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OLED is an emerging display technology that enables beautiful and efficient displays and lighting panels. Thin OLEDs are already being used in many mobile devices and TVs, and the next generation of these panels will be flexible and bendable.

LG 5'' flexible OLED prototype photo



Different kinds of flexibility

When we talk about flexible OLEDs, it's important to understand what that means exactly. A flexible OLED is based on a flexible substrate which can be either plastic, metal or flexible glass. The plastic and metal panels will be light, thin and very durable - in fact they will be virtually shatter-proof.

ITRI 6'' flexible color AMOLED photo

It is estimated that the first range of devices to use a flexible display won't be flexible at all. While the manufacturer may bend the display or curve it around a non-flat surface, the final user will not be able to actually bend the device. Still it will have several advantages: these displays will be lighter, thinner and much more durable compared to glass based displays.

Second generation flexible OLED devices may indeed be flexible to the final user. Finally, when the technology is ready, we may see OLED panels that you can fold, bend or stretch. This may create all sorts of exciting designs that will enable large displays to be placed in a mobile device and only be opened when required.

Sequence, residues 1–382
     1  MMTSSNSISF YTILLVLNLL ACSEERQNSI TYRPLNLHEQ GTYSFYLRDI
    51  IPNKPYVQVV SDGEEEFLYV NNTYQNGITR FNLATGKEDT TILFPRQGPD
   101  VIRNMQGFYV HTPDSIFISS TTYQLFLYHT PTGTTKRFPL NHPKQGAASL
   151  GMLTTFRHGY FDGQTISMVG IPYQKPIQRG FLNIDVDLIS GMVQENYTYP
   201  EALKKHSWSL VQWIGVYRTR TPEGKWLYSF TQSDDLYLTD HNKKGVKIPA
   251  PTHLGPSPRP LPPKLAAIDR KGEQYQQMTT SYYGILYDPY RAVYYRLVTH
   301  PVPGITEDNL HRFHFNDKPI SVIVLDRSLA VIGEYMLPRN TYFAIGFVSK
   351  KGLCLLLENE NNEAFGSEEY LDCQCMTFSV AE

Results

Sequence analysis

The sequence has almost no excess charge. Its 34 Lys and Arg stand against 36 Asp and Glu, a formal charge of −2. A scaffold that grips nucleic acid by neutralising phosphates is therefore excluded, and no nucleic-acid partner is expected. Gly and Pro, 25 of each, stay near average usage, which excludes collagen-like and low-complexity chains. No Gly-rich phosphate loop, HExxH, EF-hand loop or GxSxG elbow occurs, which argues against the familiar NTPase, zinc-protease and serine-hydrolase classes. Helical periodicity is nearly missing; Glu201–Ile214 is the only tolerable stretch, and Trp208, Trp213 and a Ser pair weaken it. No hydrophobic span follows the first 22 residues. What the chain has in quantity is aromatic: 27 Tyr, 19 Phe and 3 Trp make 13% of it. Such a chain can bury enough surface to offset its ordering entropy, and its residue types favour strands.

Flexible OLED products

After years of research, in October 2013, following many years of development and prototype demonstrations, both Samsung and LG Display finally started producing flexible AMOLED displays on plastic (polyimide) substrates. Both Korean companies are now mass producing such displays, which are being used in mobile phones and wearable devices - such as the Galaxy S6 Edge (shown below), the LG G Flex 2 and even Apple's Watch.

Samsung Galaxy S6 Edge photo

Samsung Display is currently producing flexible OLEDs in a 5.5-Gen line with a capacity of only 8,000 substrates per month - which is about 1 million 5" panels at 100% yields. Samsung aims to start production in its new 6.5-Gen flexible OLED fab in early 2015. LG Display currently produces plastic-based OLEDs in its Gen-4.5 fab, with a monthly capacity of 14,000 substrates. Reportedly, LGD is also planning to increase its production capacity with a new Gen-6 line.

Samsung 5.7'' flexible OLED photo